I started the current version of the grenade part last time, this time I did my best to wrap it up, adding missing details and creating parts for the “stick” handle as well. There’s still some work left to be done but it’s getting there.

The knee joint is another assembly I worked on last time that I continued work on. The main thing right now is that I felt I needed a better system for holding the knee armor in its proper alignment on the joint’s strut.

Finally, I put a bunch of work into the vambrace part, the distinctive forearm armor on the Zaku Kai. I was pretty happy with the state of this part overall but I gave it a bit more care to improve symmetry and key it to the desired position, and I started on adding the missing details

Adding the missing detail bits is one of the last things that needs to be done to wrap up this part. I started with the “studs” on the elbows. I wasn’t sure how to approach these bits so I started with a Kotobukiya “mobile pipe” part, cut and sanded it down to produce basically just a circle of plastic, and added a tapered bit of styrene rod to the middle. I think it turned out pretty well, though installing them in the right position and orientation will be a challenge.

It’s been a tough but rewarding few days on the project. I think the task list did help me to focus my efforts, but I have to think about whether this kind of pace is sustainable, and whether it will actually be enough to reach my goal. These preliminary results aren’t super-encouraging, either. So far it seems like my time estimates were low, not high, and of the four tasks I set out to complete, I didn’t complete any, and I didn’t even start one of them. As previously noted I don’t want to give up just yet, I want to give it at least another week and see if I can make this happen. But if I change my plans and start working on something else instead, it’s better to do that sooner rather than later.

3 Comment(s)

  1. Great Progress! You can get it done well enough I’m sure!

    Andrew | 2023-09-25 | Reply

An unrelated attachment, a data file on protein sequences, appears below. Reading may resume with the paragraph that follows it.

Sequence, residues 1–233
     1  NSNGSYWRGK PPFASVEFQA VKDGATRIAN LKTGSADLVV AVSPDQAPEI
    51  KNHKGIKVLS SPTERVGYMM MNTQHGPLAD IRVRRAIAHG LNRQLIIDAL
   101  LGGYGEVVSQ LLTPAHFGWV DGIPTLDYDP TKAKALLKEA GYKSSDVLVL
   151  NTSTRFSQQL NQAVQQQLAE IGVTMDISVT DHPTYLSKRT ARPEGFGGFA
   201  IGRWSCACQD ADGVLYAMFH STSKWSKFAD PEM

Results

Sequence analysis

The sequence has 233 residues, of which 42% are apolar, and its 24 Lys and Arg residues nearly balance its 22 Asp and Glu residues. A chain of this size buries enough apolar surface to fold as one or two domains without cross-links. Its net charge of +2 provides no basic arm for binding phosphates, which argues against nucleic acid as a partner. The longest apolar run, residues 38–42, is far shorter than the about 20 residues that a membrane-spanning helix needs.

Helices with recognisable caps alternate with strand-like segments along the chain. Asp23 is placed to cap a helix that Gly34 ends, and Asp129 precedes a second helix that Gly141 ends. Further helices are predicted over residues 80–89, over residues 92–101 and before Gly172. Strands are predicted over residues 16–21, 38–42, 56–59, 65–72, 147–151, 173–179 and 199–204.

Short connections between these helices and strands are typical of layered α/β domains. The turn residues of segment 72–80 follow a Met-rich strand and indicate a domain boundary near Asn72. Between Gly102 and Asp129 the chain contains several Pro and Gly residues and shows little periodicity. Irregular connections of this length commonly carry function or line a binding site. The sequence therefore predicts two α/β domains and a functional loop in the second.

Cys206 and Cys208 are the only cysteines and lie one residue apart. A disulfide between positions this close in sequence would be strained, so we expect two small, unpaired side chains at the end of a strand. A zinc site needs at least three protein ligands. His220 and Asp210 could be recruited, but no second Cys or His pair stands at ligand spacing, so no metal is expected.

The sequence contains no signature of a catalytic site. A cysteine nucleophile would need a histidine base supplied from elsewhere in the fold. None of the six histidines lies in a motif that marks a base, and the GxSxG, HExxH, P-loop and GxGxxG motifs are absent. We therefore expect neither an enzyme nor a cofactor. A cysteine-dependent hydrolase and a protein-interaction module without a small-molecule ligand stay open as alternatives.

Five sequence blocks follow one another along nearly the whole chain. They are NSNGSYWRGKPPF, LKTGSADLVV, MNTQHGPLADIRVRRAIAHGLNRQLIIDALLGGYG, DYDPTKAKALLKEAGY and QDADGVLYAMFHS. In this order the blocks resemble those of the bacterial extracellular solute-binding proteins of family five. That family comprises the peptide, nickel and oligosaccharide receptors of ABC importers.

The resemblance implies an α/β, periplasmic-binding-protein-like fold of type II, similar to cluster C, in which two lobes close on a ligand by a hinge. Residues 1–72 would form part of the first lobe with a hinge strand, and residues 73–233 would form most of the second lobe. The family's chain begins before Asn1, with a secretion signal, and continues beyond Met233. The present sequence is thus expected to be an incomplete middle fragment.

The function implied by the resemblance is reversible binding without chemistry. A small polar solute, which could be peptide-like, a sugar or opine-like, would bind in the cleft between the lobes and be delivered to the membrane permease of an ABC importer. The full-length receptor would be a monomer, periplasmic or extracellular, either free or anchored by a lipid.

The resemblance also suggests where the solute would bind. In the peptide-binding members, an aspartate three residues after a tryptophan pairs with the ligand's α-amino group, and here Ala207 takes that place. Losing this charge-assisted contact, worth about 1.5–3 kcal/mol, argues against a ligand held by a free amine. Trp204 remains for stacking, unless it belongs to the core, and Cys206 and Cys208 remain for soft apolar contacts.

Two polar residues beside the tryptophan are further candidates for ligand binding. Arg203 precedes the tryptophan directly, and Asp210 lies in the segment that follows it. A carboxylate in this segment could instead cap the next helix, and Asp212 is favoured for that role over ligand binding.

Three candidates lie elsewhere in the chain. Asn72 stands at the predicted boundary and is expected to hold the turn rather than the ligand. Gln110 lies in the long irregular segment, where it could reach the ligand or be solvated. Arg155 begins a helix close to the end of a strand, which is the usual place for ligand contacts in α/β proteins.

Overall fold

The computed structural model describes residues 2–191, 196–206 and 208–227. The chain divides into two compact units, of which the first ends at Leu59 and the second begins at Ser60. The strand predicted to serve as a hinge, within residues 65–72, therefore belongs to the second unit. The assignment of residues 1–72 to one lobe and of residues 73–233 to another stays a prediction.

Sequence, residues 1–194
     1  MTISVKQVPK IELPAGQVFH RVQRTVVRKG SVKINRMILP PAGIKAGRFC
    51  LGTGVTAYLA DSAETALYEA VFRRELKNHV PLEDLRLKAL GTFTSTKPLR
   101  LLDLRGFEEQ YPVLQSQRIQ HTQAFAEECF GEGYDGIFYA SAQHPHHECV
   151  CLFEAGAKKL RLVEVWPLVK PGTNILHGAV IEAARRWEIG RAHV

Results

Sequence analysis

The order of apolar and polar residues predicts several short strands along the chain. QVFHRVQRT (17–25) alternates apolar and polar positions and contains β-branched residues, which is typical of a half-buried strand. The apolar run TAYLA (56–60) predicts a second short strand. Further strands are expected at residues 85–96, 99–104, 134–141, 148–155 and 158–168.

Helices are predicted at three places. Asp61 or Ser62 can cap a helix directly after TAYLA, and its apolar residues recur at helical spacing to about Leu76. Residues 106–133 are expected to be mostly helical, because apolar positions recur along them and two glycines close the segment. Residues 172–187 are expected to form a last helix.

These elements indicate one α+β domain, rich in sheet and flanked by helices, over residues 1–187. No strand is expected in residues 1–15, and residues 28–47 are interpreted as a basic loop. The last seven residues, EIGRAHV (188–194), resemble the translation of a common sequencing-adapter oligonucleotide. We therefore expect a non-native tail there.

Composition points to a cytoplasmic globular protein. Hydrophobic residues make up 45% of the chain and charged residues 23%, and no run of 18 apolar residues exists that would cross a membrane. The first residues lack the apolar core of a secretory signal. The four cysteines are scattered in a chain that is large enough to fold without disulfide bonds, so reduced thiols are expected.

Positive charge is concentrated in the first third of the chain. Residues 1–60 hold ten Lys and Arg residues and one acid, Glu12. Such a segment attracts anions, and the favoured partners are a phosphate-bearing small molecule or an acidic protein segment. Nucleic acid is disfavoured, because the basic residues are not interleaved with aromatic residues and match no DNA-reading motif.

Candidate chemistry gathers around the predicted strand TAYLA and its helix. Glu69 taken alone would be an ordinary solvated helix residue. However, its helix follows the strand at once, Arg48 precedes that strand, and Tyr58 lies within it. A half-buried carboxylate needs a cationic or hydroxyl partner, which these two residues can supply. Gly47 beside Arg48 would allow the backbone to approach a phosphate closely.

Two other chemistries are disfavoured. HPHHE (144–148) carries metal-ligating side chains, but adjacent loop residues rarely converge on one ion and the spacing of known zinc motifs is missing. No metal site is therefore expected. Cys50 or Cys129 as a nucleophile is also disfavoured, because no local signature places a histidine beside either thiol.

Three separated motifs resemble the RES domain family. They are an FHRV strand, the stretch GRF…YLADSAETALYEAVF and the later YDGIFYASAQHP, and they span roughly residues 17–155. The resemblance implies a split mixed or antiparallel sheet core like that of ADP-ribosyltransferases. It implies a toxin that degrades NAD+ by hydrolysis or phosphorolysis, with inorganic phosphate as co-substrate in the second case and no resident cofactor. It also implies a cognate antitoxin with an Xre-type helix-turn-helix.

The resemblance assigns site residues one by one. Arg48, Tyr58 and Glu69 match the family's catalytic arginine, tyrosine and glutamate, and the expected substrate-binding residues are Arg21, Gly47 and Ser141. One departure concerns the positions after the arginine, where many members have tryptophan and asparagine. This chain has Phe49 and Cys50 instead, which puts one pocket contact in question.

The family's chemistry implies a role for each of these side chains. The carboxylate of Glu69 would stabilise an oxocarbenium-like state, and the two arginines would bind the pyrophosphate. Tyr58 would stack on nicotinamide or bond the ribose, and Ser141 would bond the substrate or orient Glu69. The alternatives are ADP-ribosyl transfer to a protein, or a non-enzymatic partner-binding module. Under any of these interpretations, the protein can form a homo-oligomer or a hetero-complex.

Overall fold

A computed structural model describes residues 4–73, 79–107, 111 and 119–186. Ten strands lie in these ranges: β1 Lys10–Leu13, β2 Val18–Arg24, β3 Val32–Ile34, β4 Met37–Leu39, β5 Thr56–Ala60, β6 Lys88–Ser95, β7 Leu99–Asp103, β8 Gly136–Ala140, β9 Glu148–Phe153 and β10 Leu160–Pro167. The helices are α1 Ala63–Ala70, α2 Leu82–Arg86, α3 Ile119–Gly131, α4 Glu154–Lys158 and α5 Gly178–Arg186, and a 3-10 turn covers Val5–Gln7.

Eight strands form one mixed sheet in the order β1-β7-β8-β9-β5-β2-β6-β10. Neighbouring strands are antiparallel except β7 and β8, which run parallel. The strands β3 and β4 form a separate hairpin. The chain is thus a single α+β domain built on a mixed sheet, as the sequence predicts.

2. I thought about it, and I decided it’s not going to work. I don’t know for sure if my time estimates are really accurate but if they’re even in the right ballpark it’d take a really aggressive schedule, and in the end it still might not be enough. If the schedule was accurate and it would have taken 120 hours of work, over 30 days (with just two weeks left at the end to mold, recast, and paint the thing) that would have been very tough. Maybe I could have done it if I took a week off from work? Even then I’m not sure. What I really needed was to get in gear on this project like three months ago or more. I started to feel like I’d wind up compromising the quality of the work, too, and I don’t want that. It stinks ’cause I really wanted this to be the year, and this sort of thing has happened over and over again with this project over the years (abandoning work because a show deadline was coming up and I didn’t want to turn up empty-handed…) but I think it’s better to change my plans while I’ve still got time to get something done.

    I’m not really sure yet if the project management software is helping me (and it’s not the first time I’ve tried something like this) but it seems promising so far. I think I always got hung up on the idea of trying to estimate time for tasks and set a schedule to get them done because I didn’t know how long tasks would realistically take, so I’d always wind up unable to hit the schedule and run out of time or abandon it, and all that time planning out tasks would feel like a waste. And that’s kind of happened with this project’s plan now, too. And now as I’m trying to dig into other projects to get them done for SCGMC, I’m sinking hours and hours into just outlining and estimating tasks instead of working on them… The task planning feels like valuable work but at the same time, it’s a significant chunk of time to lose on something that doesn’t directly contribute to having a model ready for the show.

    I guess the real test will be in the next couple of weeks, to see if I can actually stick to the project schedule I’ve laid out. If so, I’ll at least have something there that I feel good about putting on display, even if it’s not what I’d hoped for.

    tetsujin | 2023-09-25 | Reply

  3. Project management can be difficult for me too. There’s definitely a balance between overthinking the process and effectively organizing work. I’m sure you’ll come up with something worth showing at SCGMC.

    I’m rooting for you!

    Andrew | 2023-09-25 | Reply